Wednesday, February 22, 2006

MEMOIRS OF A GEISHA
Zyang Ziyi, Gong Li, Ken Watanabe, Michelle Yeoh, Mako, Suzuka Ohgo, Cary Hiroyuki Tagawa, Koji Yakusho

Shang Cineplex, Cinema 1

A geisha is an artist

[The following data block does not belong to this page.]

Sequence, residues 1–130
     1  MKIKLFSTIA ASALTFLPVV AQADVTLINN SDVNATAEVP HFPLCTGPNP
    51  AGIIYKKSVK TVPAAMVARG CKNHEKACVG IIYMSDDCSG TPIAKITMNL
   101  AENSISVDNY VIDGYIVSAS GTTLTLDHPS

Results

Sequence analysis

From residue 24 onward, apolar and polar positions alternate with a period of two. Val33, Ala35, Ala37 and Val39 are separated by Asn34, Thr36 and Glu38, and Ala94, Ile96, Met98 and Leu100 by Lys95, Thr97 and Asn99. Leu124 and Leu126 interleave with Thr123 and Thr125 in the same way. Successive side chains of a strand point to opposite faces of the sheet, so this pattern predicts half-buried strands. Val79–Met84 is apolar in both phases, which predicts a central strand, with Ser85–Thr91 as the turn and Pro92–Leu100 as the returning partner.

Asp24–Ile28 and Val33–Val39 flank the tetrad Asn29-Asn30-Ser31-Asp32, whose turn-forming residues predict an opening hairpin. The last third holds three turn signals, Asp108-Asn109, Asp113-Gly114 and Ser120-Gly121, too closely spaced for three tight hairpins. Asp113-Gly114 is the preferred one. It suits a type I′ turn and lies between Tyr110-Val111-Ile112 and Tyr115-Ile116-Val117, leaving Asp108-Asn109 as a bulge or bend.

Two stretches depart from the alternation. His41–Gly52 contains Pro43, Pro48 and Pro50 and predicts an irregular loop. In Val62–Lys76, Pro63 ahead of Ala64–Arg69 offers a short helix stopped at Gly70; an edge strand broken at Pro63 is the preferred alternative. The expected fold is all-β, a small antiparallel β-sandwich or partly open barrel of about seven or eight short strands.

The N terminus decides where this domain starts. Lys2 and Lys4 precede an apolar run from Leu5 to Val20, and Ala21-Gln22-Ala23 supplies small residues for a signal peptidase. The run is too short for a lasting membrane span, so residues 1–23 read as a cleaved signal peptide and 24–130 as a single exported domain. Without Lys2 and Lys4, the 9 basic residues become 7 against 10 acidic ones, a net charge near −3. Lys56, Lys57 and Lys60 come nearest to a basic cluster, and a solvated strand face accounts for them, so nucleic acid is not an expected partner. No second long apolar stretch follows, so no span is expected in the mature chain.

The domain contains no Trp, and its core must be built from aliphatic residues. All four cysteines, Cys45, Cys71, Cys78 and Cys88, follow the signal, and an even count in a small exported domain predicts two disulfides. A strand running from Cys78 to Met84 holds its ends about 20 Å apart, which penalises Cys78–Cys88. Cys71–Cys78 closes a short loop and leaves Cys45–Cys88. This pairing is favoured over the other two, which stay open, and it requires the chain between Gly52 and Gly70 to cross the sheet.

I certainly remember loving the book but I read it a long time ago I might need to re-read it one of these days. That is, if I can find it. But this is certainly a case of "Do not judge a book by its movie". I believe the director who gave us the film version of the hit musical "Chicago", Rob Marshall shortchanged us. He fed us a Western idea of what a geisha is supposed to be. The film lacked a certain poignancy which could have been achieved if the entire film was shown in the Japanese language with English subtitles. The fact that they chose Chinese actresses to talk in English and make us believe that they were Japanese is very distracting. First, we all know that English is their second language. Second, their thick accent and enunciation of certain words totally ruined the beautiful dialogue from the book. But don't get me wrong, I think that Zyang Ziyi, Michelle Yeoh and Gong Li are very talented artists. It is just unfortunate that they were given roles which didn't really flesh out their intricate characters. And despite the fact that they are Asians, the film lacked a certain 'Oriental' flair to it. Sure, the scenes are very authentically portrayed. The backdrop is uniquely Japanese and very panoramic yet somehow you cannot escape the fact that these are just sets from a California studio. I remember in the book I was very moved by the love story aspect between Sayuri and the Chairman. How her love for him endures throughout the years. A very deep love that is clearly forbidden which makes it very tragically sad. But in the movie, I didn't feel much chemistry between Zyang Ziyi and Ken Watanabe. I could go on and on about the inadequacies of this film because I was clearly disappointed. But in some way, I guess it is difficult for any director whether Asian or Western to come up with a genuine film version of a book that clearly deals with a very mystical and mysterious subject matter, the Geisha. I suppose we should salute the entire cast for their effort. But I'm sure they could have done much better!

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